(Dkt. No. 21 at p.18)

         In Count III, Mr. Coleman raises a cruel and unusual punishment claim. Count IV asserts an excessive force claim against Kennar, Kaough, Gibbs, Reyes and John Does. Finally, in Count V, Mr. Coleman asserts a conspiracy claim against Kennar, Kaough, Gibbs, Turner-Foster, Newland, Moubarek, Reyes and John Does.


         A. Defendant Moubarek's Motion to Dismiss for Lack of Personal Jurisdiction

         Defendant Moubarek is employed at F.C.I. Cumberland, in Cumberland, Maryland. He has moved to dismiss the second amended complaint against him for lack of personal jurisdiction. Plaintiffs have stated that they do not have a valid challenge to Moubarek's motion to dismiss for lack of personal jurisdiction. (See Dkt. No. 35)

         When a defendant raises a personal jurisdictional objection, the plaintiff bears the burden of showing that jurisdiction is proper. See Mellon Bank (East) PSFS, Nat'l Ass'n v. Farino, 960 F.2d 1217, 1223 (3d Cir. 1992); see also Bootay v. KBR, Inc., 437 F.App'x 140, 143 (3d Cir. 2011). A plaintiff meets this burden by presenting a prima facie case for the exercise of personal jurisdiction, which requires that he or she establish “with reasonable particularity sufficient contacts between the defendant and the forum state.” Mellon Bank, 960 F.2d at 1223 (citing Provident Nat'l Bank v. California Fed. Sav. & Loan Ass'n, 819 F.2d 434 (3d Cir. 1987)). It is insufficient to rely on the pleadings alone; rather a plaintiff must establish facts relevant to personal jurisdiction by affidavits or other competent evidence. See Patterson v. Fed. Bureau of Investigation, 893 F.2d 595, 603-04 (3d Cir. 1990) (quoting Time Share Vacation Club v. Atlantic Resorts, Ltd., 735 F.2d 61, 67 n. 9 (3d Cir. 1984)). “Because Bivens suits are suits against government officials in their individual - rather than official - capacities, personal jurisdiction over each defendant is necessary.” Paz v. Hughes, No. 15-1846, 2016 WL 6276397, at *2 (E.D. Pa. Oct. 27, 2016) (citing Zieper v. Reno, 111 F.Supp.2d 484, 491 (D.N.J. 2000)).

The federal district courts in New Jersey may assert personal jurisdiction over a nonresident only to the extent authorized by state law. Eurofins [Pharma U.S. Holdings v. BioAllaince Pharma SA, 623 F.3d [147, ] 155 [(3d Cir. 2010)]. We have recognized that “New Jersey's long-arm statute provides for jurisdiction coextensive with the due process requirements of the United States Constitution.” Miller Yacht Sales, Inc. v. Smith, 384 F.3d 93, 96 (3d Cir. 2004) (citation omitted). In keeping with “traditional notions of fair play and substantial justice, ” J. McIntyre Mach., Ltd. v. Nicastro, - U.S. -, 131 S.Ct. 2780, 2787, 180 L.Ed.2d 765 (2011) (citation and internal quotations omitted), due process permits that “parties who have constitutionally sufficient minimum contacts with New Jersey are subject to suit there.” Miller Yacht Sales, 384 F.3d at 96 (internal quotations omitted).
Two brands of personal jurisdiction, viz., “minimum contacts, ” adhere to those due process principles. The first brand-general jurisdiction-exists “when a defendant has maintained systematic and continuous contacts with the forum state.” Kehm Oil Co. v. Texaco, Inc., 537 F.3d 290, 300 (3d Cir. 2008). And the second brand-specific jurisdiction-exists “when the claim arises from or relates to conduct purposely directed at the forum state.” Id.; see also Asahi Metal Indus., Ltd. v. Superior Court of California, Solano Cnty., 480 U.S. 102, 109, 107 S.Ct. 1026, 94 L.Ed.2d 92 (1987) (“minimum contacts must have a basis in some act by which the defendant purposefully avails itself of the privilege of conducting activities within the forum State, thus invoking the benefits and protections of its laws”) (internal quotations and citation omitted).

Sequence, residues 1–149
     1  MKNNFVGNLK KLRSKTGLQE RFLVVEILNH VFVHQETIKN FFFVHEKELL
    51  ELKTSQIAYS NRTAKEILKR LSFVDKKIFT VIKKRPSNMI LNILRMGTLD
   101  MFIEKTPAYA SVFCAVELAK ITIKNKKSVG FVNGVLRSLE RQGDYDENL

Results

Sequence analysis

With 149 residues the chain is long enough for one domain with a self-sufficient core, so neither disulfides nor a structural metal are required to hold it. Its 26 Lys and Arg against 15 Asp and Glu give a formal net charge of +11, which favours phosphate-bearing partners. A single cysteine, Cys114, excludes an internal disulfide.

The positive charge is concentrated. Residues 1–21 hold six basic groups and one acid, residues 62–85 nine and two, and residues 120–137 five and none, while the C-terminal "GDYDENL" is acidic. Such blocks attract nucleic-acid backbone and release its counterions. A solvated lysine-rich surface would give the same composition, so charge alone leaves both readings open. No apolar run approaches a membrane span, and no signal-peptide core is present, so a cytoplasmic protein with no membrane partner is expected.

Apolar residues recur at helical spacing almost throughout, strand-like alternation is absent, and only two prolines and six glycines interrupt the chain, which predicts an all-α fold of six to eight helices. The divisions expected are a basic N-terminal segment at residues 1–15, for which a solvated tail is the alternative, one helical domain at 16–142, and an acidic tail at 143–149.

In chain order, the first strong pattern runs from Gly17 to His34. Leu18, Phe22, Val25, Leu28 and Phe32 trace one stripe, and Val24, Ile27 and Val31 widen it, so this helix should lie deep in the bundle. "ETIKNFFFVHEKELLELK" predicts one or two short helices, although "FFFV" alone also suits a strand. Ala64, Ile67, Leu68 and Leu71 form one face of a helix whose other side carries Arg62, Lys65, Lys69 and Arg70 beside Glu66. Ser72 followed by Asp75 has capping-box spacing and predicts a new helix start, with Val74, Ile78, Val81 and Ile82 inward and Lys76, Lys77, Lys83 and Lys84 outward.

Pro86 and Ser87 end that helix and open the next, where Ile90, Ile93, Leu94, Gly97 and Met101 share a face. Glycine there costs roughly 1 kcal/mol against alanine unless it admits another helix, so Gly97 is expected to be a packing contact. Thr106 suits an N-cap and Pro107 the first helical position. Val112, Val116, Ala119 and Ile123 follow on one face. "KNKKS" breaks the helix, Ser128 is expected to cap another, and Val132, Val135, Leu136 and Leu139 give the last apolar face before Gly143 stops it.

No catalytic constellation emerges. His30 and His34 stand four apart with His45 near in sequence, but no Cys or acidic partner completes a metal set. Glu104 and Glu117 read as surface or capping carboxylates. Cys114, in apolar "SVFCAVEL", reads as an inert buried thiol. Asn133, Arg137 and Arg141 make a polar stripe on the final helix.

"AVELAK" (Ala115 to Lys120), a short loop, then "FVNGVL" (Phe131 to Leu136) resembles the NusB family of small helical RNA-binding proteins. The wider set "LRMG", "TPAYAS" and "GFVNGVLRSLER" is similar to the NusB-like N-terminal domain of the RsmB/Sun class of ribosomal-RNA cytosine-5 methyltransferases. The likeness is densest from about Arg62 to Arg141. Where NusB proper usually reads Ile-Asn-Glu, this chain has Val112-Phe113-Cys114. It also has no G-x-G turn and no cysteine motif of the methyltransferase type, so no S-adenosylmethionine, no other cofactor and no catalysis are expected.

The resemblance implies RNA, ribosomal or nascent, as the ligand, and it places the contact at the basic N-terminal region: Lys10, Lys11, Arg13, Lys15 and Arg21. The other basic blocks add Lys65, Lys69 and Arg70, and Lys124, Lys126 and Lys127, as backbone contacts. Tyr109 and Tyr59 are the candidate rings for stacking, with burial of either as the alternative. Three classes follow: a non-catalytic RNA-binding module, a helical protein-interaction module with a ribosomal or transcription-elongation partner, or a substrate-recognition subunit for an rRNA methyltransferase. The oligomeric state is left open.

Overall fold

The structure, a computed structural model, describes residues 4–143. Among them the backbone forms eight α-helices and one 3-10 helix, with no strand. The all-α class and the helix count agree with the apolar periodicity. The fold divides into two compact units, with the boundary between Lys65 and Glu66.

Boyd v. Arizona, 469 F.App'x 92, 97 (3d Cir. 2012).

         This Court agrees with Moubarek that plaintiffs have failed to establish either general or specific personal jurisdiction over him. Indeed, plaintiffs concede as much in their letter indicating that they are not filing a response in opposition to Moubarek's motion. The second amended complaint acknowledges that F.C.I. Cumberland is in Maryland. The second amended complaint does not allege allegations that tie Moubarek to New Jersey. Furthermore, Moubarek's declaration indicates that he does not reside in New Jersey, work in New Jersey or own any real property in New Jersey. Plaintiffs have not filed anything in response to counter Moubarek's declaration. Therefore, this Court will grant Moubarek's motion to dismiss the second amended complaint against him for lack of personal jurisdiction.

         B. Defendants Kennar, Estate of Kaough, Gibbs, Turner-Foster, Newland & Reyes' Motion to Dimsiss

         Defendants the Estate of Kaough, Turner-Foster, Newland, Reyes, Kennar and Gibbs, have also filed a motion dismiss the second amended complaint. These defendants make several arguments in their motion. Each will be considered in turn.

         i. Estate of Kaough & Lack of Service

         The Estate of Corey J. Kaough seeks dismissal of this action against him because it was not timely served with process.

Before a federal court may exercise personal jurisdiction over a defendant, the procedural requirements of service of summons must be satisfied.” Omni Capital Int'l Ltd. v. Rudolf Wolff & Co., 484 U.S. 97, 104 (1987). Under Rule 12(b)(4), Fed. R. Civ. P., a party may file a motion asserting insufficient process as a defense. Additionally, under Rule 12(b)(5), Fed. R. Civ. P., a party may file a motion asserting insufficient service of process as a defense. “When a party moves to dismiss under Rule 12(b)(5), the party making the service has the burden of demonstrating its validity.” Laffey v. Plousis, No. 05-2796, 2008 WL 305289, at *3 (D.N.J. Feb. 1, 2008), aff'd, 364 F.App'x 791 (3d Cir. 2010).

Anderson v. ZFC Legal Title Trust I, No. 16-1499, 2016 WL 7408846, at *2 (D.N.J. Dec. 22, 2016).

         Summonses were issued for the second amended complaint on July 12, 2016. Plaintiffs then had ninety days in which to serve the Estate of Kaough under Federal Rule of Civil Procedure 4(m). It does not appear that the Estate was served. Nevertheless, plaintiffs assert that the second amended complaint should not be dismissed against the Estate of Kaough. Plaintiffs first argue that the United States did not file a statement of Kaough's death pursuant to Federal Rule of Civil Procedure 25. ...